Barley Yellow Dwarf Widespread in Wheat in South Central and Southeast Nebraska - UNL CropWatch, May
|Figure 1. Barley yellow dwarf in a breeder nursery at Lincoln, Lancaster County on May 18.||Figure 2. A field with a high incidence of barley yellow dwarf in Jefferson County on May 18.|
May 20, 2011
Figure 3. Wheat plants dwarfed by barley yellow dwarf in the field referred to in Figure 2.
A survey of wheat fields in south central and southeast Nebraska on May 12 and May 18, respectively, found barley yellow dwarf (Figure 1) to be widespread. Incidence (percentage of diseased plants) was low in most fields surveyed. However, one field (Figure 2) surveyed on May 18 in Jefferson County had barley yellow dwarf incidence ranging from 60% to 100% in some localized areas in the field.
Barley yellow dwarf is caused by barley yellow dwarf virus. It is transmitted by more than 20 species of aphids and has a wide host range including wheat, barley, oats, and many wild and cultivated grasses. Both the virus and its aphid vectors are favored by cool, wet weather. Infections by barley yellow dwarf virus can occur in the fall and continue to occur throughout the growing season the following year. Infections in the fall are more damaging than those in the spring. Once infection has occurred, nothing can be done to cure the plant. Do not apply a fungicide to control barley yellow dwarf.
Dwarfing (Figure 3) is a common symptom of barley yellow dwarf. Other symptoms are highly variable within one cereal crop, differ among cereal crops, and can easily be mistaken for nutrient deficiency symptoms. Typically, leaf discoloration in shades of yellow (Figure 4), red (Figure 5), or purple (Figure 6) occurs from the tip to the base and from the margin to the midrib. Yellowing is the most common type of leaf discoloration.
(Clockwise from upper left)
Figure 4. Yellow discoloration on a flag leaf caused by barley yellow dwarf.
Figure 5. Red discoloration on a flag leaf caused by barley yellow dwarf.
Figure 6. Purple discoloration on a flag leaf caused by barley yellow dwarf.
Yellowing caused by barley yellow dwarf should not be confused with the general yellowing (see the June 13 CropWatch) that occurs due to nutrient deficiency or root, crown, and leaf spot diseases such as tan spot. Small to large patches of general yellowing affecting most or all the leaves is most likely due to nutrient deficiency.
Yellowing caused by fungal leaf spot diseases occurs mostly on the lower leaves and usually brown to black spots can be seen on these leaves. In contrast, yellowing due to barley yellow dwarf is most conspicuous on upper leaves and especially the flag leaf. Occasionally one can see spots of dwarfed wheat due to barley yellow dwarf in the field corresponding to aphid feeding patterns.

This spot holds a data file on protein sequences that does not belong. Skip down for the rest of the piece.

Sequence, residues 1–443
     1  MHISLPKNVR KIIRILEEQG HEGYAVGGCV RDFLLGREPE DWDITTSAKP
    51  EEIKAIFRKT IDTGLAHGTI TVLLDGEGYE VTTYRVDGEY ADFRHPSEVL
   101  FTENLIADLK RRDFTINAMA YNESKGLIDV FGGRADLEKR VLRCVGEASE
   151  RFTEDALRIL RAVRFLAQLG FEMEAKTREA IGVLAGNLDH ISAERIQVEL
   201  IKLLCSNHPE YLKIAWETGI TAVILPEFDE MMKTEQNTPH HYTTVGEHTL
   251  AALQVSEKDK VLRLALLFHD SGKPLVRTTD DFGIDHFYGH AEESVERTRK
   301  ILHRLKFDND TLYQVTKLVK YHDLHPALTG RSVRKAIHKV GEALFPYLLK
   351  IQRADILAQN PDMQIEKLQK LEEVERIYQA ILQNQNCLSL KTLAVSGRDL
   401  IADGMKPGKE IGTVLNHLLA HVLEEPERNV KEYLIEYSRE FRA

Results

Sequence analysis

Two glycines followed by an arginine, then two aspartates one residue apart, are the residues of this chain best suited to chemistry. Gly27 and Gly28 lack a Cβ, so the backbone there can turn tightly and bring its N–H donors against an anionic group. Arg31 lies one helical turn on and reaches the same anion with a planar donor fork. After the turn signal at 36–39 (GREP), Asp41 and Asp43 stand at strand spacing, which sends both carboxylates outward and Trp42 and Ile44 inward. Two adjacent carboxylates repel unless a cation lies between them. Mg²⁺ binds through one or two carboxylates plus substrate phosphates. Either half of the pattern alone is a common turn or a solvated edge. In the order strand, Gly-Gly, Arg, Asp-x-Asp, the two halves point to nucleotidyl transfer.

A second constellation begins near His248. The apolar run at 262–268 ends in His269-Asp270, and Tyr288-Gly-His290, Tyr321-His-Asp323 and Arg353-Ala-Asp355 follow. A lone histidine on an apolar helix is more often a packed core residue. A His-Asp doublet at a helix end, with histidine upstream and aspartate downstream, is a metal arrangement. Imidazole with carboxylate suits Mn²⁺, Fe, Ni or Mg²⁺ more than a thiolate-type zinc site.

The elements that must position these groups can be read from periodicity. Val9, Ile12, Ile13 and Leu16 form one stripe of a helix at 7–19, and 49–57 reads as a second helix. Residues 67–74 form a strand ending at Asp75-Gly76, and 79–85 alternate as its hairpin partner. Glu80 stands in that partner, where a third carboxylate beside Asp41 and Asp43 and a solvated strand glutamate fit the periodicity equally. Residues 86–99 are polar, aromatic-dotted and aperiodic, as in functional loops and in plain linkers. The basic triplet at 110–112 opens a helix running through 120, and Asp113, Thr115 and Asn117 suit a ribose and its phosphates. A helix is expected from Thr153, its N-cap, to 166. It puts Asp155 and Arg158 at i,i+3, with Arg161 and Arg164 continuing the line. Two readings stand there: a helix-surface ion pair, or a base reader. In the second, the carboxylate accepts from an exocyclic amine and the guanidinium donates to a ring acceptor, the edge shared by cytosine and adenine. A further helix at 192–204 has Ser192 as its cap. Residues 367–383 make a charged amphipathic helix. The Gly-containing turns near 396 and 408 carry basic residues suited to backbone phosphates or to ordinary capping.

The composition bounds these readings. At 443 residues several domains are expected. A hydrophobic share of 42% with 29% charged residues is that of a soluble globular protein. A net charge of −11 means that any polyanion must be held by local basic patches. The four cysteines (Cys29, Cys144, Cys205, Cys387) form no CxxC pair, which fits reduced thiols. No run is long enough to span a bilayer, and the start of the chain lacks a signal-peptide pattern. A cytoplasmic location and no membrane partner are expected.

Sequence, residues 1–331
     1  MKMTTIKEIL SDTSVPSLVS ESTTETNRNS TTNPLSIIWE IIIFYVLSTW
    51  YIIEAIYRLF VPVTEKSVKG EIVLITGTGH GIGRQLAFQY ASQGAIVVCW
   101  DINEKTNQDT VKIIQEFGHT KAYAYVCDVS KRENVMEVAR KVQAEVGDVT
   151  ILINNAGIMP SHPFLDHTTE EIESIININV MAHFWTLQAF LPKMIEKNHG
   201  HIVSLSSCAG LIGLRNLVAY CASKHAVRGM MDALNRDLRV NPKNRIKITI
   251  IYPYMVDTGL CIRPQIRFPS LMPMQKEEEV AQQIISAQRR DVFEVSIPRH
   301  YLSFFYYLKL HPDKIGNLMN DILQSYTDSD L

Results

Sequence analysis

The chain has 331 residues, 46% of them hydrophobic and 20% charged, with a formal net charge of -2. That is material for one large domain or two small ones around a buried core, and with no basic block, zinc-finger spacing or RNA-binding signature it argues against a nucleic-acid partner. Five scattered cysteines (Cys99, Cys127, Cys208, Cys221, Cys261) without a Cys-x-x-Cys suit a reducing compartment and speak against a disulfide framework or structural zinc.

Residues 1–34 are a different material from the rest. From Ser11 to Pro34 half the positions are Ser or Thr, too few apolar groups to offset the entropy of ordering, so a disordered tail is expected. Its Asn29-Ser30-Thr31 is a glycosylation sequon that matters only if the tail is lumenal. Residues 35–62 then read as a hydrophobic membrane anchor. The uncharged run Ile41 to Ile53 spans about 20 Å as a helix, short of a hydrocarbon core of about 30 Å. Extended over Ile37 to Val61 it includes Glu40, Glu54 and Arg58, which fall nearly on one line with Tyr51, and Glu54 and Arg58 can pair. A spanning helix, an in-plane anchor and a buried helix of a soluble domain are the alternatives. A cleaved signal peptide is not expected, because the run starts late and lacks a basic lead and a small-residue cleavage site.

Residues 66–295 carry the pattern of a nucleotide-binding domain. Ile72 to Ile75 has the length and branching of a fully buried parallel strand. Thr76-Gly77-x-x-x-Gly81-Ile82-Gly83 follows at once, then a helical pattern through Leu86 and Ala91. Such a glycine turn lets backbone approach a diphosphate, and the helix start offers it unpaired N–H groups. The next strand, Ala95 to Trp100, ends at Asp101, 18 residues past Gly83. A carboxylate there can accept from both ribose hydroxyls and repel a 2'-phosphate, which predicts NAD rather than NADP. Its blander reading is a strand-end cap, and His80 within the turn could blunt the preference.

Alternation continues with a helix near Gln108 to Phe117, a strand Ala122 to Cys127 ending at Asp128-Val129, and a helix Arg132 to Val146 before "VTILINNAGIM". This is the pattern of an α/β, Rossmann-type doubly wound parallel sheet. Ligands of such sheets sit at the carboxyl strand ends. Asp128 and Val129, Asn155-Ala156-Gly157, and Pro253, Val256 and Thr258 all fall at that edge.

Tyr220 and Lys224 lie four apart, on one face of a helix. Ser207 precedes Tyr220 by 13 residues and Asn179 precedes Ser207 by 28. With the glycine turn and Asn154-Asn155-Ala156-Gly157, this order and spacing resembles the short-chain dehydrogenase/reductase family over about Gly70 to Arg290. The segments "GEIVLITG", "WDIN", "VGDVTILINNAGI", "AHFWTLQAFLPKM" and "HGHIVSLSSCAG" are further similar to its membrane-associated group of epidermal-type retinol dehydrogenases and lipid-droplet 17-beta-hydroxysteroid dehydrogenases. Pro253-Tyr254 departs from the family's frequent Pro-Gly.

Controlling aphid populations can reduce the incidence and spread of barley yellow dwarf in a field. Effectiveness will depend on knowing which aphid to control and when to apply control measures, since barley yellow dwarf virus is only transmitted by certain aphids. Treating seed with a systemic insecticide can help reduce the spread of aphids and barley yellow dwarf virus.
Identifying and Treating Aphids in Wheat
Aphids have been reported infesting wheat in southeastern and south central Nebraska the last few weeks. Samples of oat-bird cherry aphid (Figure 7) have been identified from these fields. In many years, corn leaf aphids (Figure 8) also may be seen in Nebraska wheat fields. These two aphids generally have a lower damage potential than greenbugs, another aphid that may be seen in Nebraska wheat. In the absence of barley yellow dwarf virus, aphids also may directly reduce yield if they are abundant enough.
Figure 7. Oat-bird cherry aphid.
Figure 8. Corn leaf aphid.
In most years, these aphids do not overwinter in Nebraska in high numbers, but winged forms may migrate in the spring with southerly winds. If conditions are suitable, relatively rapid growth is possible. Often in Nebraska spring aphid populations are controlled by natural enemies such as lady beetles and parasitoid wasps.
To determine if it is worth treating for aphids, determine the identity and number of aphids present.
When scouting, estimate the number of aphids per stem at several locations in a field. Don’t just count aphids in the “hot spots” because you need to get an estimate of the overall aphid population in the field. Treatment threshold levels vary by aphid species and plant growth stage (Table 1). These thresholds do not account for virus transmission by aphids, only the direct effects of feeding.
A variety of insecticides are effective for aphid control on wheat. Check the Department of Entomology website at http://entomology.unl.edu/instabls/waphids.htm for a list of rates and restrictions for suggested insecticides for aphid control in wheat.
Additional information on aphids in small grains, including photos of common species and a key for their identification, can be found in NebGuide G1284, Cereal Aphids.
Extension Plant Pathologist, Lincoln
Extension Entomologist, Lincoln
Extension Educator, Clay County
|Table 1. Number of aphids per stem to justify chemical control.|
|Type of Aphid||Seedling Stage||Boot to Heading Stage||Flowering Stage||Milky Ripe Stage||Milk to Medium Dough Stage|
|Greenbug||5 - 15||25||> 25||> 25||> 25|
|Corn Leaf Aphid||20||30||> 25||> 25||> 25|
|Birdcherry-Oat APhid||20||30||> 5||10||> 10|
|English Grain Aphid||30||50||5||10||> 10|